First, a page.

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Mobility techniques to practice before total knee replacement surgery

  • Restrictions to follow after surgery

    Your knee replacement surgery should decrease discomfort and pain and help you return to doing activities you have not been able to do. There may be some movement restrictions for you to follow after your surgery. Your physical therapist will help you understand any restrictions you may have and how long you will need to follow them.

    Moving safely after surgery

    After knee replacement surgery, you may need to move differently until your knee heals. Practice the following techniques before surgery so you know what to do after surgery.

    Getting in and out of bed

    • Back up until you feel the bed against the back of your legs.
    • Place your surgical leg forward.
    • Reach for the bed surface, lowering yourself slowly to the edge.
    • Scoot back on the bed in a diagonal direction until your knees feel supported.
    • As you turn your body to get into bed, you may need to use a leg lifter or someone to help lift your surgical leg.
    • When getting out of bed, come to a sitting position on the bed.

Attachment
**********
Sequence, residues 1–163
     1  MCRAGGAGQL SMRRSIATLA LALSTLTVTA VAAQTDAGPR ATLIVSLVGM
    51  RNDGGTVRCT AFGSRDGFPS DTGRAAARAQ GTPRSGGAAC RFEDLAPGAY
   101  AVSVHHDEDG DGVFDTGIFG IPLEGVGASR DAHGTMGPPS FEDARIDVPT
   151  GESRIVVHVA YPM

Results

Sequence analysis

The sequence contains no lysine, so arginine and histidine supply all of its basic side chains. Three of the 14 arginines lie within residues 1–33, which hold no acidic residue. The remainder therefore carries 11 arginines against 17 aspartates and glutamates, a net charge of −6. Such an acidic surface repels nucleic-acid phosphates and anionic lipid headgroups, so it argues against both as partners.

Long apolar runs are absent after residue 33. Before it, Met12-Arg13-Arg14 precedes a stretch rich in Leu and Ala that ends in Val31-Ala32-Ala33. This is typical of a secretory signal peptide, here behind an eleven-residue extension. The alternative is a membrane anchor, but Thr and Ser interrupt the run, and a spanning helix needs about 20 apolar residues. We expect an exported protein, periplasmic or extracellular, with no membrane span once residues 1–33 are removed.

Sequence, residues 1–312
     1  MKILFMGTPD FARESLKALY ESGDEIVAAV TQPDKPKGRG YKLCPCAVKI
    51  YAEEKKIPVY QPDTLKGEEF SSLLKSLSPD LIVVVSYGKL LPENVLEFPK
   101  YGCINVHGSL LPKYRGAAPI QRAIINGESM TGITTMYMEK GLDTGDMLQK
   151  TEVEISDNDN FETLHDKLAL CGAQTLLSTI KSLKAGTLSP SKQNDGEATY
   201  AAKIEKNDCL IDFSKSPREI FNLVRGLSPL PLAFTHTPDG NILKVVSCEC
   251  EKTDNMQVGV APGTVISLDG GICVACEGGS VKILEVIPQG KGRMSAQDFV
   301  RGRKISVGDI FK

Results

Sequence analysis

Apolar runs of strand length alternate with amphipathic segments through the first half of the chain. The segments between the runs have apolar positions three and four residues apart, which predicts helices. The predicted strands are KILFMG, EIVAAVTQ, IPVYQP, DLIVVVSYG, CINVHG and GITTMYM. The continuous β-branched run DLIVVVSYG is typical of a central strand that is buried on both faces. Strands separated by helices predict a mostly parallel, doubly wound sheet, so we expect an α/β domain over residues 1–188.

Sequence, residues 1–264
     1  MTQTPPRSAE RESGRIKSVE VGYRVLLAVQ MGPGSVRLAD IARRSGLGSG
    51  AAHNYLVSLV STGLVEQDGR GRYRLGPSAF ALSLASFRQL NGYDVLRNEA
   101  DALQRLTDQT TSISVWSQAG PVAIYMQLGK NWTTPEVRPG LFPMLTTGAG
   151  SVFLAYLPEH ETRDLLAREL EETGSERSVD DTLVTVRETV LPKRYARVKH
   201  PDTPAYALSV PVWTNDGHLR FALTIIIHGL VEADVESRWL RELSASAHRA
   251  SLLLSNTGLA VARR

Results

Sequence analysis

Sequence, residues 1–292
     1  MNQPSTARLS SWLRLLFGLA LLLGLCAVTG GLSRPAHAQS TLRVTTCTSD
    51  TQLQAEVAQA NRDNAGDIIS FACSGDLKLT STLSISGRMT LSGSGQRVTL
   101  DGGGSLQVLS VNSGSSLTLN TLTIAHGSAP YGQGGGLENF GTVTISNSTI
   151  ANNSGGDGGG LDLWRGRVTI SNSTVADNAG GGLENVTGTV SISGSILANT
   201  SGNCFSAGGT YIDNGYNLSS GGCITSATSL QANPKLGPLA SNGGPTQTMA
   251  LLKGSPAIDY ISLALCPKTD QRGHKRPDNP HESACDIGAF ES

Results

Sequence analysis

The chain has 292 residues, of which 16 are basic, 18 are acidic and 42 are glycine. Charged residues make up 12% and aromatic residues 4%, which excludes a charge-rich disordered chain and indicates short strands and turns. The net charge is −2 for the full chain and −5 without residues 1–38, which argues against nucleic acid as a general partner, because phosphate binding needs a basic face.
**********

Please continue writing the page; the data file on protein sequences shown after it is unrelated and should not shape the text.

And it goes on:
• As you turn your body to get out of bed, you may need to use a leg lifter or someone to help move your surgical leg.
    • Lean back as you push with your hands to help move your body forward until you are sitting at the edge of the bed.
    • Place your surgical leg forward.
    • Push off the bed and stand up.
    • Do not reach for a walking device until your balance is secure.

    Getting out of a chair with armsGetting on and off a chair with arms or a toilet

    • To sit down, back up until you feel the chair against the back of your legs.
    • Place your surgical leg forward.
    • Reach back with both hands and sit down.
    • To get off the chair/toilet, slide to its edge.
    • Place your surgical leg forward.
    • Push up with both arms and your nonsurgical leg.
    • Do not reach for a walking device until your balance is secure.

    Getting on and off an armless chair

    • If the chair does not have arms, approach it from the side.
    • Place your surgical leg forward.
    • Reach back for the chair and sit down, then turn yourself to face forward in the chair.
    • To get out of the armless chair, turn yourself so you are sitting sideways in the chair.
    • Place your surgical leg forward.
    • Push up from the chair.
    • Do not reach for a walking device until your balance is secure.

    Getting in and out of the tubGetting in and out of the tub

    It's a good idea to have hand rails or grab bars to help with your balance and support. Have someone nearby the first few times you use the tub or shower to provide balance assistance if needed. Talk to your occupational therapist for other tips that will work for your bathroom.

    • If you have a tub/shower combination, use a tub chair or a tub bench.
    • Approach the chair or bench from the side then place your surgical leg forward.